Because, you know: South Africa! Experience! It was awesome. I wouldn't trade it for anything. It's made me an incredibly strong person. Every move, every experience, has made me stronger. It's given me better stories. I'm better for having been there. But if you're measuring the quality of life by your level of happiness? I was happiest those first couple years in Chicago before I got sick, and happiest here now, with the good friends and the good job (and I'll be happier with the health insurance fucking works). Some of that happiness is, I know, just being around other people. Spending too much time alone really does wear me down, and after awhile, I lose my sense of focus and perspective and it all goes to hell.
We need other people.
Even though I hate that.
I like what I've done and what I've accomplished. I like the road I'm headed down. I'm wondering now, I think, what else it is I want. I went out and proved I was smart and strong. I'm working at getting stronger, building a proper career now, and I hope, building other things too.
I'm just not sure what I'm ready for yet, or what I want or need. Sometimes, I get this terrible feeling in my chest, this hole in my heart, and I wonder what it is I'm missing. Back in the day, I'd fill that up with food or, later, exercise, or maybe writing. Writing often fills the hole.
But, more and more, I realize that during these black holiday times, it's not food I'm craving, and it's not a picket-fence house, and it's not a new Jeep or an iPod and it's maybe not even cheap insulin.
I want to know that I'm enough. That I've done enough. That I've run hard enough, fast enough. I want somebody to say that I did well. That I can stop running. That I've proved myself. The thing is, every time I think I'm done running, there's always something else. The next thing and the next thing. Some way I can be better, stronger, more accomplished.
But who am I trying to prove my worth to?
Just me. Just me, because at the end of the day, that's all that matters. Everybody else will take you or leave you, as they please. I'm the only one it matters to, but that's maybe why it hurts so much when I think I'm not this dynamic, worthwhile person in other's eyes. It's like, fuck, don't you see how fucking hard I fucking work? You think I just woke up one morning with three degrees and wrote ten novels? You think I jump up every morning and this shit is easy? You think this shit is easy?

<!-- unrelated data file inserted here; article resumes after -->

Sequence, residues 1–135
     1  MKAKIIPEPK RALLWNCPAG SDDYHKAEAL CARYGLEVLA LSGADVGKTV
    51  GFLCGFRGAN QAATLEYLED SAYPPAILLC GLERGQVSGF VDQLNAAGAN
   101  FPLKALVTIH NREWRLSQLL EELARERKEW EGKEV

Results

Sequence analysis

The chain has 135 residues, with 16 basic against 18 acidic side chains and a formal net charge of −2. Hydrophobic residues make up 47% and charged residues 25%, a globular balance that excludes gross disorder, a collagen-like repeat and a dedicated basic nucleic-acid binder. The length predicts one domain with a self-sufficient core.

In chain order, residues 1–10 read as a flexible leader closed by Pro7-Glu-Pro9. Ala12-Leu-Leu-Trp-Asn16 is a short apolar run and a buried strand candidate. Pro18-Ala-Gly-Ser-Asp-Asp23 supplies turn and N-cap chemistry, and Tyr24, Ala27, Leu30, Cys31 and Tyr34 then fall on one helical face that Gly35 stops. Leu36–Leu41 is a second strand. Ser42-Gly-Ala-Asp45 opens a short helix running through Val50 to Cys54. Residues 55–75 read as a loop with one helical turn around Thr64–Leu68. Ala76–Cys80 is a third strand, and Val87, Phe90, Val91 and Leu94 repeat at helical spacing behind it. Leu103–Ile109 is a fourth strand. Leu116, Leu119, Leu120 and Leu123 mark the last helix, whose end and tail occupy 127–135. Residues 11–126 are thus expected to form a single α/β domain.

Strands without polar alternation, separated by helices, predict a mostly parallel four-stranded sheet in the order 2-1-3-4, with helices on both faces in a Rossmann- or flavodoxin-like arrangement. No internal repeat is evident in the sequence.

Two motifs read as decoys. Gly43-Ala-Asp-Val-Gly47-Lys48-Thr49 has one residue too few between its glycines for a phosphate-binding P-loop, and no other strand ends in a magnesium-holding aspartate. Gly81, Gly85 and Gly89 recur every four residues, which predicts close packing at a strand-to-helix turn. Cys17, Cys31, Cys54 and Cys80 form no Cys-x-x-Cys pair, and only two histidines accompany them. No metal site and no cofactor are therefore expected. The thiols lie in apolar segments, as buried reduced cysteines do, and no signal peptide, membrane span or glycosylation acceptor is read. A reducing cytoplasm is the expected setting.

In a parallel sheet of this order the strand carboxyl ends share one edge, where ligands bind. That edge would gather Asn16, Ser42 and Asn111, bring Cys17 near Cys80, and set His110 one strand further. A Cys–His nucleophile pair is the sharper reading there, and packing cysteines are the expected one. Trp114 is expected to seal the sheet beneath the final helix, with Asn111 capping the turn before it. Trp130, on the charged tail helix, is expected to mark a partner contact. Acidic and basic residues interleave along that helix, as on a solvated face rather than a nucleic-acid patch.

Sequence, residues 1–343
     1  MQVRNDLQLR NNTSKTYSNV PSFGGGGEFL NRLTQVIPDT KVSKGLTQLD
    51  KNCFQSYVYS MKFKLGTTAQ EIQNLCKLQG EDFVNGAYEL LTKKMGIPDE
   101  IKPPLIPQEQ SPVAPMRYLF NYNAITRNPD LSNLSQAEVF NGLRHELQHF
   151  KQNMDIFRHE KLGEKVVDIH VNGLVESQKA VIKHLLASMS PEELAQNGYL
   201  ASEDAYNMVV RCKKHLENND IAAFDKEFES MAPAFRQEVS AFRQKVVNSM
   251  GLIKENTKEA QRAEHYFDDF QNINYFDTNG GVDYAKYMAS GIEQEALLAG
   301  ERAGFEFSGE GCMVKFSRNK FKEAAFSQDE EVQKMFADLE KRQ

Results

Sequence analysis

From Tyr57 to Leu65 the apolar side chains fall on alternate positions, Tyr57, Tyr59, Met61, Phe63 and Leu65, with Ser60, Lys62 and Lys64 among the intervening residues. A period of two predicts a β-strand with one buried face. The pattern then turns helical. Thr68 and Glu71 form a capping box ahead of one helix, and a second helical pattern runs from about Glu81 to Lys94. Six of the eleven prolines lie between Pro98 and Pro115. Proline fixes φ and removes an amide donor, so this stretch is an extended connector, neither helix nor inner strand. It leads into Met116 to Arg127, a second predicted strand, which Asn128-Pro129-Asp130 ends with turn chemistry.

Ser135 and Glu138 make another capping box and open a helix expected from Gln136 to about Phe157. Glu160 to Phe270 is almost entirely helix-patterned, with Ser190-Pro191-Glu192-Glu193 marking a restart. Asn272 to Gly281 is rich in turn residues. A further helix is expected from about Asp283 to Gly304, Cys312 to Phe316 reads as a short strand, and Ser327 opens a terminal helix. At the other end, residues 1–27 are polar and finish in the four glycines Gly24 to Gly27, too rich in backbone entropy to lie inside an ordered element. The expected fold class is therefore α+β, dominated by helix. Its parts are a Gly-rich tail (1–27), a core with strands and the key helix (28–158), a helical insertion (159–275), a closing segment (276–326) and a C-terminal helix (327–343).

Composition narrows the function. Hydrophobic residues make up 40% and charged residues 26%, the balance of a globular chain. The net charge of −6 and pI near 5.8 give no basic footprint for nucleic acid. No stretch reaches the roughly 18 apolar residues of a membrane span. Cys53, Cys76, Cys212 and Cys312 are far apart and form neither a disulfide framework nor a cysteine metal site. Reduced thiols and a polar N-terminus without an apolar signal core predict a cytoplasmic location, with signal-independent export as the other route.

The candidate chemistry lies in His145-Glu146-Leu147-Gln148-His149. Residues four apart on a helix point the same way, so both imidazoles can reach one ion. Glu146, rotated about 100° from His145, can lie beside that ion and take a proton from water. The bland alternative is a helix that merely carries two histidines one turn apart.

It's never easy, not for anyone. It's never perfect. I'm never perfect. I'm in a constant state of becoming.
Maybe that's why I always feel like I'm so tired, like I'm in a race that I'll never finish.
I want to be good enough for me. That's the trick.
I'm just afraid that if I stop running, if I'm good enough, that it'll all fall apart again, that I'll revert to somebody I used to be, that I'll become someone I hate.
If that constant state of becoming is tiring, it's tiring because it's hard to get to this place, harder to get to the place I want to be.
Long race, big finish.
That's the plan.
I continue to fight with my insurance company about my prescription benefits. The thousand dollar HRA that my company provided me is supposed to go toward our $1100 deductible, and according to my account online, is billed automatically. This has worked when I go into the actual doctor, but it's not working for prescriptions. When the pharmacy submits the claim, insurance insists I still have an $1100 deductible, and makes me pay the full amount out of pocket.
I've now paid nearly $500 in medications in the last month. Yesterday it was $179 in testing strips. Yes, for a month's worth of testing strips. When I was poor and "not really insured" (I had a *real* $2500 deductible), I spent about $50 a month in testing strips. This change of brand and amount of testing is a decision I made with my endo based on what the new meter could do for me and what insurance would cover.